- Military nonresidents are taxed on other income received from Idaho sources.
A nonmilitary spouse living in Idaho can be a resident, part-year resident, or a nonresident.
Gary and his wife, Linda, are domiciled in Alabama. Gary is in the Air Force and claims Alabama as his home of record. In October 2016, Gary was transferred to Mountain Home Air Force Base. They both moved to Idaho and stayed in Idaho during 2017. Since Gary’s domicile isn’t Idaho, he’s a military nonresident. But if Gary changes his domicile to Idaho, he’d be an Idaho resident.
Since Linda had the same domicile as Gary, she is a nonresident while in Idaho unless she changes her domicile to Idaho. She’d be an Idaho resident or part-year resident depending on the date her domicile changed.
Federal laws limit states from taxing compensation of certain types of employees. You’re subject to income tax only in your state of residence if:
- You’re an interstate rail or motor carrier employee, and
- You have regularly assigned duties in more than one state.
This exclusion doesn’t apply to government employees. The part of your income earned in Idaho is taxable to Idaho.
People who move for seasonal work
A married couple, Don and Diane, have a fishing business and a home in Alaska. They also have a home in Idaho where they live during the off season. They have both registered to vote in Idaho.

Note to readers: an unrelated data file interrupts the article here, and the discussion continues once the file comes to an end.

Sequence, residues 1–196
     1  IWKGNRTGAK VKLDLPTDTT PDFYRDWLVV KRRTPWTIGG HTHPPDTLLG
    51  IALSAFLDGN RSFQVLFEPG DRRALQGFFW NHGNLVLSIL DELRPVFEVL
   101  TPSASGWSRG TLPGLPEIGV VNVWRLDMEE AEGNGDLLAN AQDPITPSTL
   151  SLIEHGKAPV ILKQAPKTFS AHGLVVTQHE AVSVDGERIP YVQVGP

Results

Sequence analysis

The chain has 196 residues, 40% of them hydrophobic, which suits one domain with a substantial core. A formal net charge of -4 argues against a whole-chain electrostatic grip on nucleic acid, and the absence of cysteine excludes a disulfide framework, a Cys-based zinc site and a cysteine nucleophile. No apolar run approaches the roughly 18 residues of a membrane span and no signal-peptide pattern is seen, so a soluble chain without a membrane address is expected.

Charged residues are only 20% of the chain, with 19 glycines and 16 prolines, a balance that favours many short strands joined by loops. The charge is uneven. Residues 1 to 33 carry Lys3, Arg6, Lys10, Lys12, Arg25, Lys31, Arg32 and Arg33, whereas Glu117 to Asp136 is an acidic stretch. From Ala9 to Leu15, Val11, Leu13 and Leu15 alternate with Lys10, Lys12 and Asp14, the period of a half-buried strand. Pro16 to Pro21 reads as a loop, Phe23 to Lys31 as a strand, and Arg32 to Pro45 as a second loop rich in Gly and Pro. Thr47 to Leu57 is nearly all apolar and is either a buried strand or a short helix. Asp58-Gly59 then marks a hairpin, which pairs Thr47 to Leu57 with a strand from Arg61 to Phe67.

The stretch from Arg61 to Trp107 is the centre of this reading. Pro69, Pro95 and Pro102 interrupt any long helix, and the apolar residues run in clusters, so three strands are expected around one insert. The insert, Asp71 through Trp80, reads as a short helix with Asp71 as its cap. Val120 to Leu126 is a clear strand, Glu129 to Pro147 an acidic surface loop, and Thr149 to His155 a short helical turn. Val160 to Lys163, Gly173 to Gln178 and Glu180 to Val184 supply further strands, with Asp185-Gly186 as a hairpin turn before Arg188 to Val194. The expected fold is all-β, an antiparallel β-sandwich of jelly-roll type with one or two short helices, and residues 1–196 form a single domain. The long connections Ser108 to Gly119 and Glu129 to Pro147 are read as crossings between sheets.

They live in Idaho at least part of the year, so they’re either residents or part-year residents.
They’ll need to determine where their domicile is.
If Don and Diane are domiciled in Idaho — or lived in Idaho more than 270 days (even though they’re domiciled in Alaska) — they’re considered Idaho residents.
Spouses who live and work in different states
Spouses can have separate residences and domiciles.
Cindy lives and works in Idaho. Craig lives and works in Washington. They’re married.
Cindy is an Idaho resident. Craig could be an Idaho resident if he’s domiciled in Idaho.
If they file a joint return for federal income tax purposes, they must file a joint return for Idaho. If Craig isn’t a resident of Idaho, they must file using an Idaho Form 43, Idaho Part-year Resident & Nonresident Income Tax Return. Craig would be listed as a nonresident. Cindy would be listed as a resident.Because Idaho and Washington are both community property states, each spouse has a one-half interest in the other’s earnings. They must report one-half of all the community income (including Craig’s earnings) regardless of source plus any separate income Cindy might have. Craig must report one-half of the community income that’s from Idaho sources plus any separate income from Idaho sources.
Retired people traveling in a motorhome
Vern and Vera retired recently. They were residents of Idaho and domiciled here. Since retiring, they've sold their Idaho home and bought a motor home. They plan to travel around the country.
Idaho will continue to be their domicile until they establish a new one. Since they'll be traveling around the country and have no intention to establish a new domicile, Idaho remains their domicile. They'll continue to be Idaho residents and all income is taxable to Idaho.